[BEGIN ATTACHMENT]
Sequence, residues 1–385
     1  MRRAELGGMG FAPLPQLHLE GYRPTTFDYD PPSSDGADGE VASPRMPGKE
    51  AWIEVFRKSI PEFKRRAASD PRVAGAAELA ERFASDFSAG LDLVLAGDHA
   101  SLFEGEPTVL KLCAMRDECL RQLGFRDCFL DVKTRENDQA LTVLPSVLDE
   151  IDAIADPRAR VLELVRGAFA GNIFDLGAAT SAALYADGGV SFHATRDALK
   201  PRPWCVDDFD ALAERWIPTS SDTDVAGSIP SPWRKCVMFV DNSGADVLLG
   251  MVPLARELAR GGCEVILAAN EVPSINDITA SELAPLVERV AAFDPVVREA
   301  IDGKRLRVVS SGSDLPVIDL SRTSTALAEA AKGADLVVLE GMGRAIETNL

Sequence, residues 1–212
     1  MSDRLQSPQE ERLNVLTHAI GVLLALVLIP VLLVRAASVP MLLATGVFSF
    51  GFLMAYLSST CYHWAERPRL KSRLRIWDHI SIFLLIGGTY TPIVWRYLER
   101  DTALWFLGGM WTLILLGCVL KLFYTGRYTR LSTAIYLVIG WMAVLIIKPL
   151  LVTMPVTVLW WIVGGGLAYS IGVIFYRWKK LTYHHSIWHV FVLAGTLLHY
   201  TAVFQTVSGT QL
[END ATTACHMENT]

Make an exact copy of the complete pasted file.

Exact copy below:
Sequence, residues 1–385
     1  MRRAELGGMG FAPLPQLHLE GYRPTTFDYD PPSSDGADGE VASPRMPGKE
    51  AWIEVFRKSI PEFKRRAASD PRVAGAAELA ERFASDFSAG LDLVLAGDHA
   101  SLFEGEPTVL KLCAMRDECL RQLGFRDCFL DVKTRENDQA LTVLPSVLDE
   151  IDAIADPRAR VLELVRGAFA GNIFDLGAAT SAALYADGGV SFHATRDALK
   201  PRPWCVDDFD ALAERWIPTS SDTDVAGSIP SPWRKCVMFV DNSGADVLLG
   251  MVPLARELAR GGCEVILAAN EVPSINDITA SELAPLVERV AAFDPVVREA
   301  IDGKRLRVVS SGSDLPVIDL SRTSTALAEA AKGADLVVLE GMGRAIETNL

Sequence, residues 1–212
     1  MSDRLQSPQE ERLNVLTHAI GVLLALVLIP VLLVRAASVP MLLATGVFSF
    51  GFLMAYLSST CYHWAERPRL KSRLRIWDHI SIFLLIGGTY TPIVWRYLER
   101  DTALWFLGGM WTLILLGCVL KLFYTGRYTR LSTAIYLVIG WMAVLIIKPL
   151  LVTMPVTVLW WIVGGGLAYS IGVIFYRWKK LTYHHSIWHV FVLAGTLLHY
   201  TAVFQTVSGT QL